Tired of boring panel discussions?
Yeh – me too!
At the recent National Speakers Association Influence 2021 Conference we shook things up a bit by creating an “unplugged” version of the association’s podcast as a session on the main stage. This panel discussion on steroids was a great addition to the program and created evergreen content. You can listen here:
Want to leverage a panel discussion at your next event?
Here are 3 tips:
- Get a great facilitator like Thom Singer to moderate! Not only is Thom a skilled emcee, he hosts several podcasts and has conducted about 1000 interviews. He knows how to spotlight guests and make them comfortable enough to get below the surface of topics.
- Choose a relevant and timely topic – this panel was about the roles a professional emcee plays and successful strategies for masters of ceremonies.
- Bring together experts on that topic – thanks to Omekongo Dibinga, Patty Hendrickson, and Jeff Civillico for the great discussion and for completely knocking our socks off at during the conference.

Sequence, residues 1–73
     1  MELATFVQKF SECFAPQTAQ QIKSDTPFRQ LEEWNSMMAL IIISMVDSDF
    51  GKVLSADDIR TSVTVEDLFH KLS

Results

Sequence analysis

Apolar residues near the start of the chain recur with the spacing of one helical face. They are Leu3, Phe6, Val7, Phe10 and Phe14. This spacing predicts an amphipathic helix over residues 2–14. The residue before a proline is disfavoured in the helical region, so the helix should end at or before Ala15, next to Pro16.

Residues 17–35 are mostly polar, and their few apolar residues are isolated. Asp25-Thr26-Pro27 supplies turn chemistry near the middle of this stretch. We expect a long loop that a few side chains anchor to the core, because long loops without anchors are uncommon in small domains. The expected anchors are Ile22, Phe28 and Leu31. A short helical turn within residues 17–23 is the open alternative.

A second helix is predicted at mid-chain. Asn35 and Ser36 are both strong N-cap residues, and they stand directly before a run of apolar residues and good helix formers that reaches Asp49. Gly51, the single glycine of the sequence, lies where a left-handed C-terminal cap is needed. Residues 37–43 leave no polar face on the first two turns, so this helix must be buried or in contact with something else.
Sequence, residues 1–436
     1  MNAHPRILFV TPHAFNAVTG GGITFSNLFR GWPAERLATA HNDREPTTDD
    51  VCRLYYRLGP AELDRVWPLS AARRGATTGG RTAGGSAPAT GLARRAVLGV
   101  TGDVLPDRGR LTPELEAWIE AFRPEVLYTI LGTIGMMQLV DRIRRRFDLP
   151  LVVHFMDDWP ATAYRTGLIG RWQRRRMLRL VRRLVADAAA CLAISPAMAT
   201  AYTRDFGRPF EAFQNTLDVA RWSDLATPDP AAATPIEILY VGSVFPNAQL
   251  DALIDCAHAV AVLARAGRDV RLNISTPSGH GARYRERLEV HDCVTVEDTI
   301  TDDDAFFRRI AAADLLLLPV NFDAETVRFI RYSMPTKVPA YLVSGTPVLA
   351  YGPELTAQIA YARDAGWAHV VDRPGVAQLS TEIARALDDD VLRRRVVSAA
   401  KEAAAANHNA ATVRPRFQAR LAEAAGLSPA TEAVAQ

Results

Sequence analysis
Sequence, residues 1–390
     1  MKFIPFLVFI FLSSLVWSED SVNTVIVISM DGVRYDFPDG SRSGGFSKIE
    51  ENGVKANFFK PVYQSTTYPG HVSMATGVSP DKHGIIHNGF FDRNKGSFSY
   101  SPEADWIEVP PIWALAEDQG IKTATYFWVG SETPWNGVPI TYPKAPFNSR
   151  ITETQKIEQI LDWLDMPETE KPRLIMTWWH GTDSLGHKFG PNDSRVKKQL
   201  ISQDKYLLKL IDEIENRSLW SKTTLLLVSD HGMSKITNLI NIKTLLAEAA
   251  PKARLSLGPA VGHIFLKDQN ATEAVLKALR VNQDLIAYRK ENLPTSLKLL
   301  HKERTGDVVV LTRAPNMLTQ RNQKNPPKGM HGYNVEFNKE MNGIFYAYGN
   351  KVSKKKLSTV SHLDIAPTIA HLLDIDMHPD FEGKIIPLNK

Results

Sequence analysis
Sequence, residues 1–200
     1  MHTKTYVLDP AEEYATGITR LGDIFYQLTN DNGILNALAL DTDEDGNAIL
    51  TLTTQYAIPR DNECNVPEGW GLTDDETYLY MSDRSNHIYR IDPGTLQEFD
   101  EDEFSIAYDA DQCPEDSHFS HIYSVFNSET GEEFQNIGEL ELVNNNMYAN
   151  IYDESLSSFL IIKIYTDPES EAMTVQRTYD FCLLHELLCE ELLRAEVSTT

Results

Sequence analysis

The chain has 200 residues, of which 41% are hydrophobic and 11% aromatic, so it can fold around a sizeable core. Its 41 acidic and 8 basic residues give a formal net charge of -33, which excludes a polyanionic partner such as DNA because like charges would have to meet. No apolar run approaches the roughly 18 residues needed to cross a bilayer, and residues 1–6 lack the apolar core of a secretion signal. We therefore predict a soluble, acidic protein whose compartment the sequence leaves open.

How do you leverage an emcee for your next conference?
Here are some best practices:
- Understand the different roles an emcee can play as a driver, producer, connector and WOW. You can find a more in-depth discussion in this Conference Talks Show Episode.
- Bring your emcee in early. The sooner the emcee joins the team, the sooner they can start taking some of the load off your shoulders.
- Invest. Expect to spend about a third of your speaker budget on an emcee or team of emcees, especially for hybrid and multi-day events. A professional emcee starts work long before the lights come up. Whether it is recommending great speakers and resources, preparing your non-professional speakers to take the stage, or working out the fine points in the run of show – your emcee is there to make the event engaging and smooth.
- Define success. As I said during the panel/podcast – if my event professional got to have a sandwich and some sleep during the event, that to me is a mark of success. It means I’ve done my job handling onstage and backstage challenges, usually without anyone noticing.